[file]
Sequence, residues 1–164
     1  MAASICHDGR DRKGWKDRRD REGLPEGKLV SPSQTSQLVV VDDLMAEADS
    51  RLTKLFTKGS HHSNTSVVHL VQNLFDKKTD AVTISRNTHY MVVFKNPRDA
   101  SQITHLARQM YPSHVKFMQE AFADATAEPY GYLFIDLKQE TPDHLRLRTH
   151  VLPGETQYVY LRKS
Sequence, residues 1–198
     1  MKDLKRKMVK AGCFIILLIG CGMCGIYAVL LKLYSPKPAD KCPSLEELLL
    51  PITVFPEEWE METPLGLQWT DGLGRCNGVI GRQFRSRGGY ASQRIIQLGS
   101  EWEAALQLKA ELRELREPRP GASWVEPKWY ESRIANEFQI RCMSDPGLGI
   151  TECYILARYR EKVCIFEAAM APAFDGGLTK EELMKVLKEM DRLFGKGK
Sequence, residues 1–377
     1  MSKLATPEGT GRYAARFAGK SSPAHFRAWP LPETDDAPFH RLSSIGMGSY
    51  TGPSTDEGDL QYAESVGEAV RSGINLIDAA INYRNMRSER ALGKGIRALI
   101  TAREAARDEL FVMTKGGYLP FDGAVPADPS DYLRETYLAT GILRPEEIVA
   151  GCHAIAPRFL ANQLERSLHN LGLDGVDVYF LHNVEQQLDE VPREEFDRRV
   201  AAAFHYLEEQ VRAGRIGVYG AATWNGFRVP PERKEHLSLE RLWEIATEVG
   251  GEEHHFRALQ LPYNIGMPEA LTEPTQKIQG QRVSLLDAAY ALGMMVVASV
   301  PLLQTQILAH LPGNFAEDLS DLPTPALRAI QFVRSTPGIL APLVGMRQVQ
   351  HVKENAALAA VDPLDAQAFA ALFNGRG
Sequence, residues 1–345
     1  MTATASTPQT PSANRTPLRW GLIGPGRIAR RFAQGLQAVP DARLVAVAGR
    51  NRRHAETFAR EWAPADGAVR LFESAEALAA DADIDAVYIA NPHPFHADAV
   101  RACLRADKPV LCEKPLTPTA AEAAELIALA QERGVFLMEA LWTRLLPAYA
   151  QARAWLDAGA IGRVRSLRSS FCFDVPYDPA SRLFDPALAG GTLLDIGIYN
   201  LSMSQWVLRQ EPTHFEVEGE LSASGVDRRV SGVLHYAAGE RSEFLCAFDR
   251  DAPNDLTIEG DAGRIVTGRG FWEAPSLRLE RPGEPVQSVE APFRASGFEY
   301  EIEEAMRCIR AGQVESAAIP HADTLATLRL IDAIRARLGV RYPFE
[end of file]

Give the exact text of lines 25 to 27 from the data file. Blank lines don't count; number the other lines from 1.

   201  LSMSQWVLRQ EPTHFEVEGE LSASGVDRRV SGVLHYAAGE RSEFLCAFDR
   251  DAPNDLTIEG DAGRIVTGRG FWEAPSLRLE RPGEPVQSVE APFRASGFEY
   301  EIEEAMRCIR AGQVESAAIP HADTLATLRL IDAIRARLGV RYPFE